The story is about the rise to the apex of a love/power triangle by Iris (Rose Byrne) that includes her roguish English lover, McHeath (Hugo Weaving) and Art (Matthew Le Nevez), an earnest young boxer. Within the flawed moral landscape, each character struggles to establish their sovereignty.
Made for a sizeable $10 million and shot by Geoffrey Simpson, the film is designed by Pete Baxter and edited by Ken Sallows. Chris Abrahams composed the score.
Jonathan Ogilvie’s previous film, Emuslion (2006) was screened at both the Brisbane International Film Festival and the Cinema des Antipodes in St Tropez. His 2001 short feature, Jet Set, was sold to SBS TV and screened at the Adelaide Fringe.
Ogilvie says of his film, “In relationship to its surrounding universe the world of The Tender Hook is like a spotlighted boxing ring; outside the perimeter of the ropes, detail and visual information drops away. Rather than being a re-creation of Australia’s past The Tender Hook is, to use a Miles Davis-ism, a yesternow tale. This approach in most explicit when McHeath (Hugo Weaving) sings Jazz Age arrangements of Leonard Cohen and Bob Dylan songs and in the use of colourised archival footage from the period. I love the idea of temporal playfulness in Iris (Rose Byrne) and Art (Matt Le Nevez) walking with long dead pedestrians.”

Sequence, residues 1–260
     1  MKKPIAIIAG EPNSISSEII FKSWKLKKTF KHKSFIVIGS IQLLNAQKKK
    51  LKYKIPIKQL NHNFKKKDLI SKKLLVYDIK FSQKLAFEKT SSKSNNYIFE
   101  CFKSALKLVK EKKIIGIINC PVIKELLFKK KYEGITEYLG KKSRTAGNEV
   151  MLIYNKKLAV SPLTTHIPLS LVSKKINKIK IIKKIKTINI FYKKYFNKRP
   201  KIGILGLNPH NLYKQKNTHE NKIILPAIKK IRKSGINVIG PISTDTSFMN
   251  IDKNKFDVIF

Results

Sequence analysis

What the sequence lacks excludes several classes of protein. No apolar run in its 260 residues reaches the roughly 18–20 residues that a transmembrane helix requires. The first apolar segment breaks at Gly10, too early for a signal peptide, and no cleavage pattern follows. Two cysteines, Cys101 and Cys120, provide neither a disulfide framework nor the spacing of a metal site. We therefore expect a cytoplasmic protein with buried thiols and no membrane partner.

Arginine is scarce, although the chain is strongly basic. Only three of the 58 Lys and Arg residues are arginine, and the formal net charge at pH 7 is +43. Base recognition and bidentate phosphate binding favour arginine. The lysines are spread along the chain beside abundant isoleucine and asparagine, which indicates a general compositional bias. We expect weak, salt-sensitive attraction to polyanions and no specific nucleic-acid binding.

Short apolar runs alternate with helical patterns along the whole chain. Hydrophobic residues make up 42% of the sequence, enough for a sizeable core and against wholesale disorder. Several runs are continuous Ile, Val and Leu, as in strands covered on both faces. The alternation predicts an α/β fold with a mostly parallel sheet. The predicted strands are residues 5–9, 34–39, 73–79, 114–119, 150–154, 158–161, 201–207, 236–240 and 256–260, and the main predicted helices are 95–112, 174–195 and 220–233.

Two world premieres have already been confirmed for Dungog: The Nothing Men (the first Australian feature to be shot on the Red camera) and Honeymoon in Kabul. Two other features, The Line and closing night film and Tribeca sleeper hit Bitter & Twisted, will also enjoy their Australian premieres at the festival, which is devoted exclusively to Australian films. This year it is screening some 80 features, docos and shorts, making it possibly the world’s biggest single showcase of Australian filmmaking. The small Upper Hunter Valley (NSW) town also boasts the country’s oldest running movie theatre, the James, where the festival is centred. Founder and director Allanah Zitserman has wrangled a long list of sponsors and supporters to make the festival viable, and the inaugural event attracted hundreds of filmmakers and locals.